Tuesday, April 12, 2016

But What Good Is an English Major


  • Ian Andrew's seminar title in full was - "But What Good Is an English Major – A Homeschool Graduate Reflects on the Benefits of a Literary Education", which was timely, because I had been wondering the same thing. In high school, I wracked up more English credits than p.e. and all my enrichments combined (I had to count my English credits as electives; otherwise, I didn't have enough to graduate). My oldest is the same way: literature is her thing.


Ian Andrews is the son of Adam and Missy Andrews, of Center for Lit fame. This was his first speaking engagement at a homeschool conference. His big question was – “Why get an education when you can train for a career?” As the child of two literature buffs, the first lesson he learned was to “sit still and pay attention”. This lesson served him well in his life, and he believes this is something all English majors learn to do.

Ian gave a demonstration in front of the class of true literary analysis – one that uses our thinking skills and helps us to gain appreciation for great literature, rather than killing it. Led through the Scarlet Letter, we understood the characters and setting, the plot arch through its rising action, and the (many possible) turning points of the novel. We saw what Hawthorne was really getting at through the trials and tribulation, to bring us into a deeper understanding of his real theme: truth, freedom, and forgiveness.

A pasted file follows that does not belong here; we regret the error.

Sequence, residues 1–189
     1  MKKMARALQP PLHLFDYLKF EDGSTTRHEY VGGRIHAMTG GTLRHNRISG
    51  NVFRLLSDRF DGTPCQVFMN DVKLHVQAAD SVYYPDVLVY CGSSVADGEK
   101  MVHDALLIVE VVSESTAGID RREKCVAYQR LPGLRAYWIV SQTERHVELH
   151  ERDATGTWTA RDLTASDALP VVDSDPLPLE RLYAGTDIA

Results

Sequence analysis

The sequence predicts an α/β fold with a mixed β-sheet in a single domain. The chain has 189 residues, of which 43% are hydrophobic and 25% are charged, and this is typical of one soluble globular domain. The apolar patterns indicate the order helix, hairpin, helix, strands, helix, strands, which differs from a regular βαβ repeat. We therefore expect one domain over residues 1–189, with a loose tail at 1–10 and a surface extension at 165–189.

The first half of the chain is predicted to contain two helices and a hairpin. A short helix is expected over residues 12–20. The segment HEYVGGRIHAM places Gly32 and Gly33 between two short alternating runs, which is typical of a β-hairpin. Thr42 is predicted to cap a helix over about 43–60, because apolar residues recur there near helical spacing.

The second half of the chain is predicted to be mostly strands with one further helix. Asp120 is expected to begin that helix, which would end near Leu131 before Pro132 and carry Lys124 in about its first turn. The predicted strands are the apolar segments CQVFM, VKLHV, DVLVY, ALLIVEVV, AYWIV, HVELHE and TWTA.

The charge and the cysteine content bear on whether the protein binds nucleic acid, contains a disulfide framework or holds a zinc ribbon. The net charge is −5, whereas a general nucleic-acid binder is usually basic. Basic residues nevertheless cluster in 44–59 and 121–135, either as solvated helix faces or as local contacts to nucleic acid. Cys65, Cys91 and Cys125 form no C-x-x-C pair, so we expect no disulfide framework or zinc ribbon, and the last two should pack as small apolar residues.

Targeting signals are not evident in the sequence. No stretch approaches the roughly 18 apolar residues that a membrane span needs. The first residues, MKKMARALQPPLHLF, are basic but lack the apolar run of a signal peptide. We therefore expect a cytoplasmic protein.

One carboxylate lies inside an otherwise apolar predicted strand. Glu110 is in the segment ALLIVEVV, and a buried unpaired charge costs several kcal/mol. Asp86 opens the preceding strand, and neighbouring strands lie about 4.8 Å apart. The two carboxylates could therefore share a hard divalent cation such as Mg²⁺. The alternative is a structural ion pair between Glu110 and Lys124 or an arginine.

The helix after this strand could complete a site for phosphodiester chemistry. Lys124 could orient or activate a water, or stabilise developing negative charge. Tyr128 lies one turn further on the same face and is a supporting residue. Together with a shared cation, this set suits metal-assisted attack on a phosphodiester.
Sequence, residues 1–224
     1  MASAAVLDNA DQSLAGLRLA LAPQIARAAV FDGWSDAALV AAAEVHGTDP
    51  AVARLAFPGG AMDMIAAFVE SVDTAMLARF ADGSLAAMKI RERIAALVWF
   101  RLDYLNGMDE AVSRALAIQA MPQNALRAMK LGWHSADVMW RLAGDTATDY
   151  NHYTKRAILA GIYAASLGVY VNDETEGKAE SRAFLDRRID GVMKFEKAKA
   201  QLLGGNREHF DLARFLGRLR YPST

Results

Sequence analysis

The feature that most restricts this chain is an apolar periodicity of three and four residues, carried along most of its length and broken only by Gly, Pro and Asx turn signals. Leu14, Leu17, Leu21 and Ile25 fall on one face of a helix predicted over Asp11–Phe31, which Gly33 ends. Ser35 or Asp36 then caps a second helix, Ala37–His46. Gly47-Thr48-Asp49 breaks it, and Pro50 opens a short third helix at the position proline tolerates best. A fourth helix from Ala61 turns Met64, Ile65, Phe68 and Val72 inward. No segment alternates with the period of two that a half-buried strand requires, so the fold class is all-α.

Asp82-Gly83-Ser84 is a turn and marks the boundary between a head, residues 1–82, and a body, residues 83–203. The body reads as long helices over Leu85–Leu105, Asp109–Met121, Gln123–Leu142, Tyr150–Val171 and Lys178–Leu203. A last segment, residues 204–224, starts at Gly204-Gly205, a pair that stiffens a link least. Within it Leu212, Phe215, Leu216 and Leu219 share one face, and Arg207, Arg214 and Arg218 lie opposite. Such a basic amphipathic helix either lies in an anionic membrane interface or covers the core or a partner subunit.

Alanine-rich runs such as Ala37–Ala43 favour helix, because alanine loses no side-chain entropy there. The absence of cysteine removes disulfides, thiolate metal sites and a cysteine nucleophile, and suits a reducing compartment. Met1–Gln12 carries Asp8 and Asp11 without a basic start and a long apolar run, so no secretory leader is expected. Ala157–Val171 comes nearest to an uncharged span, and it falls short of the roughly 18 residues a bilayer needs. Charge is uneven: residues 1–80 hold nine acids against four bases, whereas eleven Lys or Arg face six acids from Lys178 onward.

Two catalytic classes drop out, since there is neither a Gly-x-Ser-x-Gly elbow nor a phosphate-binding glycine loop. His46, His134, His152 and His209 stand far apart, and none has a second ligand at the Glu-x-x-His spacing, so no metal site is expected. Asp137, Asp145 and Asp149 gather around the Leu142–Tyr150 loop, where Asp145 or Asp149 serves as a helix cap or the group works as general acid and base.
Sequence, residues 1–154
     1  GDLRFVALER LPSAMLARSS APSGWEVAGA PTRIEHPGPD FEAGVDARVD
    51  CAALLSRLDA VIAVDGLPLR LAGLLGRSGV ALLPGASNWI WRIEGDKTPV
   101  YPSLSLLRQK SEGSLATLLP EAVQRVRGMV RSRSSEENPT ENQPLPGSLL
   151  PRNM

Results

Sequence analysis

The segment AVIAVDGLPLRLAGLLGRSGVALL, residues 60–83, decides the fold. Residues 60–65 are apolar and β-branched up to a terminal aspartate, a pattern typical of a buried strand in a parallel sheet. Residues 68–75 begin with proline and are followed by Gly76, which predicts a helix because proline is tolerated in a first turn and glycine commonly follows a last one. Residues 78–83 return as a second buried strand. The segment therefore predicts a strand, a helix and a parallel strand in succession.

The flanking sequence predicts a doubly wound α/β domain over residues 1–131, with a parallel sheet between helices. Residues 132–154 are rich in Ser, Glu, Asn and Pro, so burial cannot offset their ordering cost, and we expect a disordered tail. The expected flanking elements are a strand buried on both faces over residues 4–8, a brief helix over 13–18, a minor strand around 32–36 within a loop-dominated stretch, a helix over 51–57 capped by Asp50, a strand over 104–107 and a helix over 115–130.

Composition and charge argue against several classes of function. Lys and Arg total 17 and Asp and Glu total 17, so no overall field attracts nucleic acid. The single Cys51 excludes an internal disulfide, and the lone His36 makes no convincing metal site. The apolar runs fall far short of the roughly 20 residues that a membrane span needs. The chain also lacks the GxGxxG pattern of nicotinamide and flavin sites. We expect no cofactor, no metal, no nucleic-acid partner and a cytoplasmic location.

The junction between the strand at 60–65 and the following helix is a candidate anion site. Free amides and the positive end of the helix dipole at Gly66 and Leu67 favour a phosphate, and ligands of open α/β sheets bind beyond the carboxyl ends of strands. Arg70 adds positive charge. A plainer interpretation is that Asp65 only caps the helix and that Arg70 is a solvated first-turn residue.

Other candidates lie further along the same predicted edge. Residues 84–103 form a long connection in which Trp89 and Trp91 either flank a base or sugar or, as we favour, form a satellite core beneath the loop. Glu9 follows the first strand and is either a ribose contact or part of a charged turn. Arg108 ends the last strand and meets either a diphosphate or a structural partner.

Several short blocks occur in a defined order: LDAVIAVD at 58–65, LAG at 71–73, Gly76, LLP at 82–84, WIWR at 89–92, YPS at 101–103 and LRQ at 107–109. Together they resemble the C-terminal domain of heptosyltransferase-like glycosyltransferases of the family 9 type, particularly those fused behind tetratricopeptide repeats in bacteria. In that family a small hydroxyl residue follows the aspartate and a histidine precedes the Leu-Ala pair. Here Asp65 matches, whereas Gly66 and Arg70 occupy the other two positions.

He said not to believe the hype that English majors cannot find jobs. English majors are in demand, as they have the skills necessary to thrive in the workplace.

English majors possess these skills:



  • People persons. They’ve already interacted with a wide range of personalities – the Hester Pryns, the Dimmsdales, the Chillingsworths, and the Goodwives of our current age – and they know how to get along with all of them.

  • Good communication skills. English majors can write clearly, accurately, and persuasively, which is invaluable in jobs.

  • Sit still and pay attention. English majors have sat and paid attention through some very difficult literature. Non-lit people tend to struggle with focus.



What does an English major bring to a job interview that no one else does?




  • Listening skills. The interviewee will listen to what the job entails and will ask good questions about the job.

  • Tools to learn. The English major has the tools to learn anything they put their mind to.

  • Will know that they don’t know everything. The average interviewee assumes that they need to know everything already, and that will be obvious in the interview. The English major, however, recognizes that they don’t know everything and isn’t afraid to admit their lack of experience. They are ready and able to learn new things, and can quickly add to their skill set; making them an invaluable asset in the workplace.

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